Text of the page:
Coronavirus: Death toll surpasses 6 million as pandemic enters third year

  • The number is a grim reminder that Covid-19 is still ongoing, even as some countries are shedding masks and resuming travel
  • Hong Kong is seeing deaths soar because of an outbreak of the Omicron variant, as well as Eastern Europe, which is experiencing an influx of refugees from Ukraine
Associated Press |

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People wear face masks to protect against the spread of the coronavirus in Tokyo as the pandemic enters its third year. Photo: AP

The death toll from Covid-19 surpassed six million on Monday - signalling that the pandemic, now in its third year, is far from finished.

The milestone is the latest tragic reminder of the unrelenting nature of the pandemic even as people are shedding masks, travel is resuming and businesses are reopening around the globe.

The last million deaths were recorded over the last four months, according to the tally compiled by Johns Hopkins University.

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That’s slightly slower than the previous million, but highlights that many countries are still struggling with the coronavirus.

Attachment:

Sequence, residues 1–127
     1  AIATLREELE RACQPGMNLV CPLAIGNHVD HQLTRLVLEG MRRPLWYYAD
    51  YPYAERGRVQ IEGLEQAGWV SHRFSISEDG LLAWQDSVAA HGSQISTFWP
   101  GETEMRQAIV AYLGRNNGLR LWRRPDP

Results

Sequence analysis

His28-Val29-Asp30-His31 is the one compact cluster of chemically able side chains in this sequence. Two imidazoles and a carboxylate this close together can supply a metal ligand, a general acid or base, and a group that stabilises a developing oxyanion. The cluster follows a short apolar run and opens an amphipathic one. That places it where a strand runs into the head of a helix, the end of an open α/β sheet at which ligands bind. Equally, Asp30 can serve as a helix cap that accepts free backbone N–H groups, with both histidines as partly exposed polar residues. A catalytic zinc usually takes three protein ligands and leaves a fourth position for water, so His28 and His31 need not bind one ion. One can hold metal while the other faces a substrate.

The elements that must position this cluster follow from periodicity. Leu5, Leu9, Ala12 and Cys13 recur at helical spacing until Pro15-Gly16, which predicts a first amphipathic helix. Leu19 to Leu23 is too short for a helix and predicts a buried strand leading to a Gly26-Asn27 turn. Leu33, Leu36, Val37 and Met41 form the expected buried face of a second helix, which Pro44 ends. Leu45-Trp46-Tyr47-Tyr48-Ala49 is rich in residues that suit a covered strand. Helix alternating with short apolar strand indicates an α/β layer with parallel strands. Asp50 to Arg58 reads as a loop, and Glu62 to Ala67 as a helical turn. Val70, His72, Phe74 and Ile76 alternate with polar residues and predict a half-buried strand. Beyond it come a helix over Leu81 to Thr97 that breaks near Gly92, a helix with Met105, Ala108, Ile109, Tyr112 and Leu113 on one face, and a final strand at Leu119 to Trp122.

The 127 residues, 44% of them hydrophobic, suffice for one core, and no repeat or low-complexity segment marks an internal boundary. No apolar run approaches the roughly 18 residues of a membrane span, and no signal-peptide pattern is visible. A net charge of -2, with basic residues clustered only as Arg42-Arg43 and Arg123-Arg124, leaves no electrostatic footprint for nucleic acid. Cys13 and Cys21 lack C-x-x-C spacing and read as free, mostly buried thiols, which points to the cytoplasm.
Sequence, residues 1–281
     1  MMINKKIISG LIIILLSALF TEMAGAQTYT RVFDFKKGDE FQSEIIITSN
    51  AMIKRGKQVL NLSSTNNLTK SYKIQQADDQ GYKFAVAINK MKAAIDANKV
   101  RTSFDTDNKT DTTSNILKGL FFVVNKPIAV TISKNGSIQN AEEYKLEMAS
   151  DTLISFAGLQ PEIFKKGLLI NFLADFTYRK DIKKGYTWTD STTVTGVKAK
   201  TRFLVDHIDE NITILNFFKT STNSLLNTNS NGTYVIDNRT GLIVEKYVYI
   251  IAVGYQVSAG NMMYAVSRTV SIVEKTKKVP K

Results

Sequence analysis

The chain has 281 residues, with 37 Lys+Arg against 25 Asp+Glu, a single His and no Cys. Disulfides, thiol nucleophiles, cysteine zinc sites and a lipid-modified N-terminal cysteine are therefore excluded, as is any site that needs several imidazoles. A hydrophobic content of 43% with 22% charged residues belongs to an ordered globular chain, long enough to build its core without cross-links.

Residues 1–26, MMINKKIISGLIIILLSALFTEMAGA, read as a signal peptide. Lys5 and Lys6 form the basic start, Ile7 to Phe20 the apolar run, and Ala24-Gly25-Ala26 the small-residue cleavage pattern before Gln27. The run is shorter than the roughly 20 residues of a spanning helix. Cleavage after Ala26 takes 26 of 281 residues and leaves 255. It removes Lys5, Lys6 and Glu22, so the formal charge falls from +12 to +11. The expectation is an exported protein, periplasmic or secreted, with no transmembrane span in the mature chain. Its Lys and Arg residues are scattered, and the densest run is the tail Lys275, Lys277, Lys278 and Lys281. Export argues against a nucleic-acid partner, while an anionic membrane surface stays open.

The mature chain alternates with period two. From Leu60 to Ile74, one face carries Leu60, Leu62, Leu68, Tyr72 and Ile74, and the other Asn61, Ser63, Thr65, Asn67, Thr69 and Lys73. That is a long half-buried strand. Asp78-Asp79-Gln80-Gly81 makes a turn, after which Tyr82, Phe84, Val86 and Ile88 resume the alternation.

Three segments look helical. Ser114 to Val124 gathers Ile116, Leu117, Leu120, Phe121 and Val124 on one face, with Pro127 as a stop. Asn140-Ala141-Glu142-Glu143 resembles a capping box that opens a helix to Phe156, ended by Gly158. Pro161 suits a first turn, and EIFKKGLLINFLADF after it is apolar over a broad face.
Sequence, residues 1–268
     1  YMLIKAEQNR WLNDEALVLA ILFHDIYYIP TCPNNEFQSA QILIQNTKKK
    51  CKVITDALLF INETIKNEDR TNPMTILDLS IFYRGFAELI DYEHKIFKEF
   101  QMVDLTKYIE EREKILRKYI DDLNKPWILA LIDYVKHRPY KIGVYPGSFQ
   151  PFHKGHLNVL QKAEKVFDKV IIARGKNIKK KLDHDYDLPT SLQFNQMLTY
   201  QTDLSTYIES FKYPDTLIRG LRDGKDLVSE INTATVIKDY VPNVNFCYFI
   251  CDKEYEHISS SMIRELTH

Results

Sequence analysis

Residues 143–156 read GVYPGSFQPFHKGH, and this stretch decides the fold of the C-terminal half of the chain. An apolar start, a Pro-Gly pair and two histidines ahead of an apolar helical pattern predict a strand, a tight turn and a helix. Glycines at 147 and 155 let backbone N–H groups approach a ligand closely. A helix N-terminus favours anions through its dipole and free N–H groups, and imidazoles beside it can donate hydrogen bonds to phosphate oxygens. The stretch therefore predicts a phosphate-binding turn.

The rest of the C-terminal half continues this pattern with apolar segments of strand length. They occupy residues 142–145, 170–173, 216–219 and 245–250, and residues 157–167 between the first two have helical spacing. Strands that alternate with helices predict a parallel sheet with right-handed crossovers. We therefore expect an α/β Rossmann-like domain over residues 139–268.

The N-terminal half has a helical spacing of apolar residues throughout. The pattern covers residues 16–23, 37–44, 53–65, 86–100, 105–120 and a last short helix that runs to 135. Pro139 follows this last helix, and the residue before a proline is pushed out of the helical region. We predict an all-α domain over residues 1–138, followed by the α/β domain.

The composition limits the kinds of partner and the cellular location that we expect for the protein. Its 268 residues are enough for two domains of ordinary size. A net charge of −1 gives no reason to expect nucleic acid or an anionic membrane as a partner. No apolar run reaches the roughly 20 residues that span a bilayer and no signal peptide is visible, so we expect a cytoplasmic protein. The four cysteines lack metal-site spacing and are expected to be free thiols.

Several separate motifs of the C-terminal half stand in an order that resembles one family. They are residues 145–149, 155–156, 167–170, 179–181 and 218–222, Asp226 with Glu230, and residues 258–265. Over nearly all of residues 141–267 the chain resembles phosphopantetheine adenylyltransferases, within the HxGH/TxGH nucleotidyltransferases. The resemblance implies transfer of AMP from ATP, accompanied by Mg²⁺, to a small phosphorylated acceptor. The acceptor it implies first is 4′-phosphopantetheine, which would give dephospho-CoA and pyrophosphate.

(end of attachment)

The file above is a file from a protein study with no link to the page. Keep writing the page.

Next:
Remote Pacific islands, long protected from the virus by their isolation, are just now grappling with their first outbreaks and deaths, fuelled by the highly contagious Omicron variant.

Hong Kong, which is seeing deaths soar, is testing its entire population of 7.5 million three times this month as it clings to mainland China’s “zero-Covid” strategy.

The fast-spreading Omicron variant is overwhelming Hong Kong, prompting mass testing, quarantines, supermarket panic buying and a shortage of hospital beds. Even the morgues are overflowing, forcing authorities to store bodies in refrigerated shipping containers. Photo: AP

As death rates remain high in Poland, Hungary, Romania and other Eastern European countries, the region has seen more than 1.5 million refugees arrive from war-torn Ukraine, a country with poor vaccination coverage and high rates of cases and deaths.

The United States is nearing one million reported deaths on its own, the largest official death toll in the world.

Despite the enormity of the figure of six million deaths, experts say the number is likely a vast undercount.

With poor record-keeping and testing in many parts of the world, many deaths have not been attributed to Covid-19, and there are also the excess deaths related to the pandemic but not from actual Covid-19 infections, like people who died from preventable causes but could not receive treatment because hospitals were full.

An analysis of excess deaths by a team at The Economist estimates that the number of Covid-19 deaths is between 14 million and 23.5 million.

Overall, some 450 million cases of coronavirus have been recorded.

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